Earth’s magnetic shield behaves like a sieve

When the Earth’s magnetic field and the interplanetary magnetic field are aligned, for example in a northward orientation as indicated by the white arrow in this figure, Kelvin–Helmholtz waves are generated at low (equatorial) latitudes. (Courtesy: ESA/AOES Medialab)

The Earth’s magnetic field is more permeable than previously thought, according to researchers analysing data from the European Space Agency’s Cluster mission. The findings have implications for modelling the dangers posed by space weather and could also help us better understand the magnetic environments around Jupiter and Saturn.
The Cluster mission, launched in 2000, comprises four identical satellites flying in a tetrahedral formation in close proximity to Earth. With highly elliptical orbits, the satellites are able to sweep in and out of the Earth’s magnetic environment, building up a 3D picture of interactions between the solar wind and our planet. The solar wind is a stream of charged particles from the outer layers of the Sun blowing into the solar system. The Earth’s magnetic field is thought to form a protective barrier against it.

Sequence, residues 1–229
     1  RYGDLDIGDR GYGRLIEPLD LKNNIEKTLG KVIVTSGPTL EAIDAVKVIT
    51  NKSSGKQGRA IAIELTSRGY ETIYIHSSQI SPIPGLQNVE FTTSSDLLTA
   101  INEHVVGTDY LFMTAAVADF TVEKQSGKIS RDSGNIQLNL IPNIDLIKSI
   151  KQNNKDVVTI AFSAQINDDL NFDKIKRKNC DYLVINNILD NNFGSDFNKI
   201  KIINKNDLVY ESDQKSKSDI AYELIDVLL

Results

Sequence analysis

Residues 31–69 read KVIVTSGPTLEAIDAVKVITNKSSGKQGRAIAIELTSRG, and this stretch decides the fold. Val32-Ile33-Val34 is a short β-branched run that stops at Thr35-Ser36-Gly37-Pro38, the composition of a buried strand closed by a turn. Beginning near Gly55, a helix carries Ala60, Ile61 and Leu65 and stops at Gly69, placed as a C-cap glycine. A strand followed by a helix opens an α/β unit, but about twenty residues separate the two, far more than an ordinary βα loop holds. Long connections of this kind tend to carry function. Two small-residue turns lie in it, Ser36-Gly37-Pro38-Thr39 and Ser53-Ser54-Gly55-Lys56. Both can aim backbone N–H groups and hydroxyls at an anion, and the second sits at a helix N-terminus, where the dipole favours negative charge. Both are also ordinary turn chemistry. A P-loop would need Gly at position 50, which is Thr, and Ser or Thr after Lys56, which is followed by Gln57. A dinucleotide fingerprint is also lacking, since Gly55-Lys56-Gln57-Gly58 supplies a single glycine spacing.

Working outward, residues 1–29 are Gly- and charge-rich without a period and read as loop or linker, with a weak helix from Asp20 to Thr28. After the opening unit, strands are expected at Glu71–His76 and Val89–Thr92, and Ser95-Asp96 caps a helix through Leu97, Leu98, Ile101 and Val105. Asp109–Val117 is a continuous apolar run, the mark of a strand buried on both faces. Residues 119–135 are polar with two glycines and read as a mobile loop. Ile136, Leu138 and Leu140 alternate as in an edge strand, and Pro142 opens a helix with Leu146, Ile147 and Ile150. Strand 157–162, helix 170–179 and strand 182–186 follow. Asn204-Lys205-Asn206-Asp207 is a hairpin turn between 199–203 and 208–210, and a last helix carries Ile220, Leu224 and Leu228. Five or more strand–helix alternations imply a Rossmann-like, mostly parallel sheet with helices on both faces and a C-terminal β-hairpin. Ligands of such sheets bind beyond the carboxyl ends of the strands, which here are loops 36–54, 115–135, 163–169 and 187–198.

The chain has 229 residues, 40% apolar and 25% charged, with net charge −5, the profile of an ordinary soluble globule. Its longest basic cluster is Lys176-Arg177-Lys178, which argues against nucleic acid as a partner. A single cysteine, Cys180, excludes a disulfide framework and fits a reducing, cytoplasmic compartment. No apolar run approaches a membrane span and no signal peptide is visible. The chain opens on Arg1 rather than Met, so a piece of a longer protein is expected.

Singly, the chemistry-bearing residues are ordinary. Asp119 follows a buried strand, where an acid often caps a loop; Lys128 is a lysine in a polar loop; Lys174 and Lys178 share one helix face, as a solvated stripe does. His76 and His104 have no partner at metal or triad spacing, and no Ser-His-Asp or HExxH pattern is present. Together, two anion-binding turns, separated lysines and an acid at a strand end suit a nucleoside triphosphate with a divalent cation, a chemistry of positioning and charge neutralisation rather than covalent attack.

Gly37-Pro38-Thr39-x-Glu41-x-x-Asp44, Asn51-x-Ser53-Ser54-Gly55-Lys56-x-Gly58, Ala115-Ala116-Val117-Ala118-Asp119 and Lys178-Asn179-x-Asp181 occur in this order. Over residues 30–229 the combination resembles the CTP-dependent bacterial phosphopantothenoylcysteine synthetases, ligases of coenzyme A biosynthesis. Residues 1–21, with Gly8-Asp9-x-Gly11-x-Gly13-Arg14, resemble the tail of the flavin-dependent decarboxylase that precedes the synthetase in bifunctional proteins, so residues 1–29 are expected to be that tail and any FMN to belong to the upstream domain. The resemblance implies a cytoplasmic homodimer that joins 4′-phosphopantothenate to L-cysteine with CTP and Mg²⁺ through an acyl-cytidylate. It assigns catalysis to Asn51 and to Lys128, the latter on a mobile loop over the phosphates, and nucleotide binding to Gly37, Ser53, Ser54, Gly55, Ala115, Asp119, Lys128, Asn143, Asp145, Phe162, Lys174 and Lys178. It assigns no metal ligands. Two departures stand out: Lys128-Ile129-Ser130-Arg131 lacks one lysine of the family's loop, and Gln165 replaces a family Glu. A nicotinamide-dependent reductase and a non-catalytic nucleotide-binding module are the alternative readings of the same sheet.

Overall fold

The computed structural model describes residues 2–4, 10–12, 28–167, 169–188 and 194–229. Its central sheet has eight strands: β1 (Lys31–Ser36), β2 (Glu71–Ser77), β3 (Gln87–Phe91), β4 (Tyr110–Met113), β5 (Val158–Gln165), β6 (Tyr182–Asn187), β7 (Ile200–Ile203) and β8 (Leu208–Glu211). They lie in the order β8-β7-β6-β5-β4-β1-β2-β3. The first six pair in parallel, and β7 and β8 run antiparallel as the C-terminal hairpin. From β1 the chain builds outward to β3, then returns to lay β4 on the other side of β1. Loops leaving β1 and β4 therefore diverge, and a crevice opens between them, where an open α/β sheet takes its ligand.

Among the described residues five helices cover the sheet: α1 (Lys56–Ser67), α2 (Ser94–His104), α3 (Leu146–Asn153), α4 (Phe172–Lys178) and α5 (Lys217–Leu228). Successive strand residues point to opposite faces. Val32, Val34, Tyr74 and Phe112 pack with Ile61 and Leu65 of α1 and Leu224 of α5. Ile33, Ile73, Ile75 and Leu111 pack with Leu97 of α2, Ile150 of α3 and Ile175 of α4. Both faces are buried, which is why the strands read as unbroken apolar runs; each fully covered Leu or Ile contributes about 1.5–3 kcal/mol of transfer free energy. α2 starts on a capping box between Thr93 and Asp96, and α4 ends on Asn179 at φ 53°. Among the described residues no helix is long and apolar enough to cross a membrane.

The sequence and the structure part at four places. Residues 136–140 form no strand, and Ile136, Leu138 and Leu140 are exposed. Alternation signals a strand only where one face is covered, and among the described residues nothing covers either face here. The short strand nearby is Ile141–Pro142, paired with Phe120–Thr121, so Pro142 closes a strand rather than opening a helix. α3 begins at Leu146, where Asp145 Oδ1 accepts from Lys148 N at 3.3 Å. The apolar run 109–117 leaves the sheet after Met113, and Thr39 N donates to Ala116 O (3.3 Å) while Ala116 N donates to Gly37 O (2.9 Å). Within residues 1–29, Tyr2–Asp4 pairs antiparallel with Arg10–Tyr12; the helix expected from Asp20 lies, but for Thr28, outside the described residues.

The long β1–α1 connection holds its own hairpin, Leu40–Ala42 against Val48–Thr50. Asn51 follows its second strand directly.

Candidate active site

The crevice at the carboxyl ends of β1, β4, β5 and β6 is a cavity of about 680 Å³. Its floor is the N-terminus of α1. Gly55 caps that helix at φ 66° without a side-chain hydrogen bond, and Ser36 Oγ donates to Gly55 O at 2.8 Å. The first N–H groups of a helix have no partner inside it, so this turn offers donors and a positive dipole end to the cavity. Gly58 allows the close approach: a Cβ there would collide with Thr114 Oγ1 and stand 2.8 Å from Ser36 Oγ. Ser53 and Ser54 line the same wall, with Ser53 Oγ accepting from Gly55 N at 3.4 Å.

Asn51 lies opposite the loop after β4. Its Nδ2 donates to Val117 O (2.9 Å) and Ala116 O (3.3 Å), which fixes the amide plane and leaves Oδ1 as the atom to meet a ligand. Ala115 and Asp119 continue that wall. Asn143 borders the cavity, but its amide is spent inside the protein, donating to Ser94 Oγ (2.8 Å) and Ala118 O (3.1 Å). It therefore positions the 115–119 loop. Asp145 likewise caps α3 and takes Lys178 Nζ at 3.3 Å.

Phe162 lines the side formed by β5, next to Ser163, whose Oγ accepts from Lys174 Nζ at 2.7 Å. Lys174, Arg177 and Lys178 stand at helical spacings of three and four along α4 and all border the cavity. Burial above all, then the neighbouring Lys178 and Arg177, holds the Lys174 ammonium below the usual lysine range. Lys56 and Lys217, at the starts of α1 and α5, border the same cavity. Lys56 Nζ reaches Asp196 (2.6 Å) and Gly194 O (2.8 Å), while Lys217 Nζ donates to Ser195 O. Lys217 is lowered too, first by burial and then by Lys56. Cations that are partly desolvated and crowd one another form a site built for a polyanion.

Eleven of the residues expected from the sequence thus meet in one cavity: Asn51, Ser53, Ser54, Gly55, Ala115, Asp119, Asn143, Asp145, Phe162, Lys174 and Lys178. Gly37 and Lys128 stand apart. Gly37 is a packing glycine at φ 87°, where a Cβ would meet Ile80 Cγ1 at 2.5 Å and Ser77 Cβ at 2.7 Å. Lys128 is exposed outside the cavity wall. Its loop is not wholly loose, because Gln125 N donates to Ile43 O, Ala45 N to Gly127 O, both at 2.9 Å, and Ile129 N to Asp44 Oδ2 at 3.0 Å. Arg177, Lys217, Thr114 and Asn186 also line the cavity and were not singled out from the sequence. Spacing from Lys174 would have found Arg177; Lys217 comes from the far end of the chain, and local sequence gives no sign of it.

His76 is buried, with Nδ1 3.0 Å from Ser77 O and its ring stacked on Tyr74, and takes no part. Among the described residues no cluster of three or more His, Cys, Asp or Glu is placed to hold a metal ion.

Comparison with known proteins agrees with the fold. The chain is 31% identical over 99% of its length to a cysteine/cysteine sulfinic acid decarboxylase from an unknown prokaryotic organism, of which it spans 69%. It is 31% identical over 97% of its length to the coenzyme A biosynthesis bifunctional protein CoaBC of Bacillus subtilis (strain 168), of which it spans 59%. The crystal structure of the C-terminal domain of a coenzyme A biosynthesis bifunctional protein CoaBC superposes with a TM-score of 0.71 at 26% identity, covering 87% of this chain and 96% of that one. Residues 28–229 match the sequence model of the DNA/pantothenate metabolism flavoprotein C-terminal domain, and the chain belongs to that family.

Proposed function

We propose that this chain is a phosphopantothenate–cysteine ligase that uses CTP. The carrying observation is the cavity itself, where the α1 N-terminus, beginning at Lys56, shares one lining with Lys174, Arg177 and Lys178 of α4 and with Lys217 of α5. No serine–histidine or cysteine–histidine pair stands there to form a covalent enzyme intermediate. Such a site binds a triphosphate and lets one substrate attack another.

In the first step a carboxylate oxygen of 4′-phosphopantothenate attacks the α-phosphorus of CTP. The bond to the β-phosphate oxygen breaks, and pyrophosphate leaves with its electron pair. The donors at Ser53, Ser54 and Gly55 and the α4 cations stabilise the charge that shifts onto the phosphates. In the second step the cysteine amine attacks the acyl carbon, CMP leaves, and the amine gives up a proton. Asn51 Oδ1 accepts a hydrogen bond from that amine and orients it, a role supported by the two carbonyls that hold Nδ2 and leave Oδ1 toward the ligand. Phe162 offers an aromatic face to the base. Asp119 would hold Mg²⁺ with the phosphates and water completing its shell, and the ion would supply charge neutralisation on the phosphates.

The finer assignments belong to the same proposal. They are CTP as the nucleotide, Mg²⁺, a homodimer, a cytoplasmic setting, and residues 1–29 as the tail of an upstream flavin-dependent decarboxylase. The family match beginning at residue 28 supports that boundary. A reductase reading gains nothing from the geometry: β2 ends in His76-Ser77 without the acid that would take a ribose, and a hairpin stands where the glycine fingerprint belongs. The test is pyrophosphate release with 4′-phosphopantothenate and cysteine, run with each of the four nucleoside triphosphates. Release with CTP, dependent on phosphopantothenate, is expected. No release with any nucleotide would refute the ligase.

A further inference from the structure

It is well known, however, that if the magnetic field of the incoming solar wind has the opposite orientation to the Earth’s magnetic field, then the field lines can break and join up again in a process known as “magnetic reconnection”. This process allows the plasma from the solar wind to breach the boundary of the Earth’s magnetic field – the magnetopause – where it can then potentially reach our planet…..
Read more: physicsworld.com